Madrilenos flock to traditional terrazas

MADRID — Terrazas, or outdoor bars, in Spain fill squares and line sidewalks one after another in the summer. Some cater to the thirsty all day with umbrellas and a constant mist, while others fill up as daytime temperatures — often above 100 degrees Farenheit — cool into night. Traffic congestion and noise in the streets don't deter patrons, nor does the economic crisis that has left many Madrilenos with no place else to go this vacation season.

“Spaniards need this. Getting together with friends to have a drink and chat is as important as getting up in the morning to go to work. It’s a way of life, regardless of the crisis,” explained Maria Jose Espinosa, 42, sitting at an outdoor cafe in a Madrid square, with her friend Alicia Huerta.

Walking the Madrid streets on a summer night, one would never imagine there is an economic crisis — outdoor cafes are so packed that people stand over full tables, waiting for one to clear. Spain’s 18-percent unemployment rate, which is the highest in the European Union, is motivating Madrid residents to shorten their holiday trips or to simply stay put, but they aren’t about to give up their terrazas. “To give up our custom of having a beer with friends, there has to be a catastrophe,” Espinosa said. Her friend Alicia Huerta, 44, agrees. She said she is not going on holiday this year because of the crisis, but she enjoys the terrazas at least four nights a week. “There are so many people in Madrid this summer. Last year there was only one terraza in this square, and it was never full in August. This year there are two more, and it’s difficult to get a seat,” she said.

Madrid terraza-owners are counting precisely on people like Espinosa and Huerta to help them through a difficult year. Antonio Cosmen is a member of the board of directors at La Vina, a Madrid business association of bars and restaurants. He reported that sales in the sector have decreased an average of 9 percent so far this year.

August is the traditional vacation month in Spain, and not so long ago it was difficult to find an open restaurant and bar in Madrid. That is changing, as it is becomes more common for employees to spread out their vacation time over the course of the summer. This year, the economic crisis is prompting bar and restaurant owners to stay open for the entire month. “Many have not closed for holidays. It’s impossible,” Cosmen said.

Some even dare to launch a business in this habitually slow period of the year. Miguel Marino inaugurated his new terraza, Las Tres Manolas, in downtown Madrid in mid-August. Owner of three other restaurant businesses, he has witnessed Spaniards’ consumption patterns go from carefree to careful. People continue to go out, he said, but, “customers that used to order cured ham now have a beer and leave to eat at home.”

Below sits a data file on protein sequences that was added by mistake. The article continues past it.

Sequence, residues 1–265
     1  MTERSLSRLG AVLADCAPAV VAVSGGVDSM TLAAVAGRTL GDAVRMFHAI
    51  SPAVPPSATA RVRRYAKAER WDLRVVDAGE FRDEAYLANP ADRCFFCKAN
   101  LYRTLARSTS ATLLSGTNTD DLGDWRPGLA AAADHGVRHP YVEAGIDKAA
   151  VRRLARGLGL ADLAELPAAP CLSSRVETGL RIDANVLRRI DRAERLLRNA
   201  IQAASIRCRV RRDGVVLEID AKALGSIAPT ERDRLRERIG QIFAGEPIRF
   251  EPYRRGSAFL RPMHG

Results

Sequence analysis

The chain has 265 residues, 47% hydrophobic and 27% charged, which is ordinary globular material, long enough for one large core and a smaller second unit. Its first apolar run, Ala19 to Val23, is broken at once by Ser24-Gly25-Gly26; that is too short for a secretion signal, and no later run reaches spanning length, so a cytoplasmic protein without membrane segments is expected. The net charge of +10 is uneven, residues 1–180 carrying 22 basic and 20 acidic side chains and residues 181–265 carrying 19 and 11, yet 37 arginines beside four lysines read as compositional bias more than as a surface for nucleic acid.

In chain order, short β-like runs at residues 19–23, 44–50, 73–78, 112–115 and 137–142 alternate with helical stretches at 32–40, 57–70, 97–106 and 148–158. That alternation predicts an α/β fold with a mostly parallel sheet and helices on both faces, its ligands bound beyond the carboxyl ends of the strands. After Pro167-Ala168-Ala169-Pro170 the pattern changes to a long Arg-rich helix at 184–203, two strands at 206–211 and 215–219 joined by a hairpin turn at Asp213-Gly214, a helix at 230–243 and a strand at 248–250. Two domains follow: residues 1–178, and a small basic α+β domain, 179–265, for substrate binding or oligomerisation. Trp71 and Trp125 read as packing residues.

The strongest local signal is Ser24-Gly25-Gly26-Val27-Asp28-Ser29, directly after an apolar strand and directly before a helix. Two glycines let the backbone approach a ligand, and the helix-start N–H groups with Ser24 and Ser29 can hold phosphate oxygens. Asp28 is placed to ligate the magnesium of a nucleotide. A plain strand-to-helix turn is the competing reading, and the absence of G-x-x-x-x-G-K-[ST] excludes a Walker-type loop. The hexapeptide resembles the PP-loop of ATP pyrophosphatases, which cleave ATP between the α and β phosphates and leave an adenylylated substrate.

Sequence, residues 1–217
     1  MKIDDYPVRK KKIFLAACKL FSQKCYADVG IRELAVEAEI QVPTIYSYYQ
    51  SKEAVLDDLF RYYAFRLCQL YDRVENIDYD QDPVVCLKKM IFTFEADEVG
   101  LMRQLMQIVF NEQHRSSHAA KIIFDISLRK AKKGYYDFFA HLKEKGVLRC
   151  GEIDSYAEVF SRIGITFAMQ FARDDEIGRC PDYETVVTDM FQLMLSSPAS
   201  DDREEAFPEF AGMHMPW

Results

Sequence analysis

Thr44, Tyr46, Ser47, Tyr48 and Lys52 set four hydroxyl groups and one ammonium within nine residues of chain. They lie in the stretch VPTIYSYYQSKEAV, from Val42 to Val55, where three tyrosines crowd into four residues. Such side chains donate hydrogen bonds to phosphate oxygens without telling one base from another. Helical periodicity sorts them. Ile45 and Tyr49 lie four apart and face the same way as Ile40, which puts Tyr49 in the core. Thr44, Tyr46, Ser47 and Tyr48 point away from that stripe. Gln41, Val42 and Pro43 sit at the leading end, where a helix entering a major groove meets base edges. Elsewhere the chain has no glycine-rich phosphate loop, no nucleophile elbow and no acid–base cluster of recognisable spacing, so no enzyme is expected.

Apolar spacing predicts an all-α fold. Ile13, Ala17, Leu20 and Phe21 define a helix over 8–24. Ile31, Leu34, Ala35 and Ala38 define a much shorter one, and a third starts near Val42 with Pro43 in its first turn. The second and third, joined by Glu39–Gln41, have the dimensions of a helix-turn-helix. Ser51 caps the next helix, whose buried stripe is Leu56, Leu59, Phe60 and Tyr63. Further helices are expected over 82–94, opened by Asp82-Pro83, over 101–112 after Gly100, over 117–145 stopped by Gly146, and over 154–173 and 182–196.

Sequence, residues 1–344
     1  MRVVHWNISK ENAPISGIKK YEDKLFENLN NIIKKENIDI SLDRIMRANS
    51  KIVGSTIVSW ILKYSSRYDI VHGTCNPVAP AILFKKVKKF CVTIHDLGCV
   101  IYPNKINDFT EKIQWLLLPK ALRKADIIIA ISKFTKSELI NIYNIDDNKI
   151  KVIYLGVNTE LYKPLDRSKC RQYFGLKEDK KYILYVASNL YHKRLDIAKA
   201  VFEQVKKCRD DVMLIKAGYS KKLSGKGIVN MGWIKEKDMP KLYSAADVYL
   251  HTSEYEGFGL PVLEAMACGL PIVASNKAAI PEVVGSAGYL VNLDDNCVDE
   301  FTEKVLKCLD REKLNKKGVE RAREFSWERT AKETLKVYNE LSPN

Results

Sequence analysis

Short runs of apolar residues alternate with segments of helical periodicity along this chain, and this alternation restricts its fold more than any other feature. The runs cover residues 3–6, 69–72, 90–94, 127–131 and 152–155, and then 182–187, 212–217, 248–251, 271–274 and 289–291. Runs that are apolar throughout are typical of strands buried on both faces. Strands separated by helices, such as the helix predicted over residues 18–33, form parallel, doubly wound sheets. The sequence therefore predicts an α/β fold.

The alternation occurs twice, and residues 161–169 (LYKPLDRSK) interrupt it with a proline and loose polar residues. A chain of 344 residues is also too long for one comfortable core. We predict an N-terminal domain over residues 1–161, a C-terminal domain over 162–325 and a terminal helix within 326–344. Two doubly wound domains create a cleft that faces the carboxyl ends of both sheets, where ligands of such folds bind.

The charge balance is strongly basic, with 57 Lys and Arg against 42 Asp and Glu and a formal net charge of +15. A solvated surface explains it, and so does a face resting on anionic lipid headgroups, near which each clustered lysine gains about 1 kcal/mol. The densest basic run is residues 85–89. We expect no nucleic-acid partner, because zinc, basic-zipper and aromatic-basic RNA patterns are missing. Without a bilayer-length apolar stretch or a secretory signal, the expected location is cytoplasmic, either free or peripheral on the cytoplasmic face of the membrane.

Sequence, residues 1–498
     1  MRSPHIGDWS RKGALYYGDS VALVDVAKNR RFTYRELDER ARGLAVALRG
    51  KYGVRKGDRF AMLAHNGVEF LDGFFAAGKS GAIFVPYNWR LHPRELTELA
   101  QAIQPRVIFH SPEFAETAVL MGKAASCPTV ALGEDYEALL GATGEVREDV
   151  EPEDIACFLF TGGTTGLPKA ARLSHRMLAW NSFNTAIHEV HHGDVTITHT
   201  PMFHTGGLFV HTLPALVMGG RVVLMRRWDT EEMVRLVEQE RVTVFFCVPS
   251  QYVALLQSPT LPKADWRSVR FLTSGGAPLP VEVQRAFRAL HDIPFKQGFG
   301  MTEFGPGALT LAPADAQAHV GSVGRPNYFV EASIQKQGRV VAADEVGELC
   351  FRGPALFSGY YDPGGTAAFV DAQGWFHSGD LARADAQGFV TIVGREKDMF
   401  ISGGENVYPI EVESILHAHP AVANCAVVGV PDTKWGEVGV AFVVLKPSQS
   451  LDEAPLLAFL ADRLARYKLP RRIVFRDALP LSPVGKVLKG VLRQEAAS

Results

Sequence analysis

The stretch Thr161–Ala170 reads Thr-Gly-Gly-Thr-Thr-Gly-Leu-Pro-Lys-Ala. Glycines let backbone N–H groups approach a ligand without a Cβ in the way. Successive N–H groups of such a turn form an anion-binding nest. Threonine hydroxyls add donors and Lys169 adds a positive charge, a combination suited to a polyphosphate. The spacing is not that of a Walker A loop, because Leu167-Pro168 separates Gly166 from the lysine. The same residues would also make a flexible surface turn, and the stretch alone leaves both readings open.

Sitting in another terraza with two friends, Guillermo Vizcaino, 35, recalled: “People used to have three rounds of beer with a tapa and then dinner, but not any more.”

At La Esquinita, Lydia Reinoso waited on a full terraza where her customers paid little attention to the menu posted outdoors. “People come for drinks, but they don’t order food. They go home for dinner,” she said. The 32,000 establishments in the region of Madrid, including bars, restaurants, cafeterias, terrazas and pubs, provide 140,000 jobs. The sector’s business volume in the region is 7 billion euros (about $9.9 billion) a year, according to La Vina.

“Bars and terrazas are part of our culture. It’s the way we socialize,” said Cosmen. Normally, businesses are open until 1:30 a.m. during the week and until 2:30 a.m. on weekends. People stay up late even if they have to get up early the next morning for work; so rooted is the practice in society, that children sitting with their parents or grandparents in a terraza at midnight is a common sight.

“We cannot lose the terraza tradition, no matter how bad the economy gets,” said David Moreno, 30. An audio and video technician enjoying a beer and fries with a friend, he has been unemployed for eight months. He said chatting with pals helps him hang on, in spite of his economic problems. He went to the beach seven summers in a row, but this year he is staying home. Now, he said he watches how much he spends, but still manages to go out with his friends once a week. “Things have to be really bad for someone not to spend 5 euros [$7] on a Friday night with friends,” he stated.

Outdoor bars are hoping it never gets that bad. They are counting on Madrilenos stuck at home to keep their businesses afloat.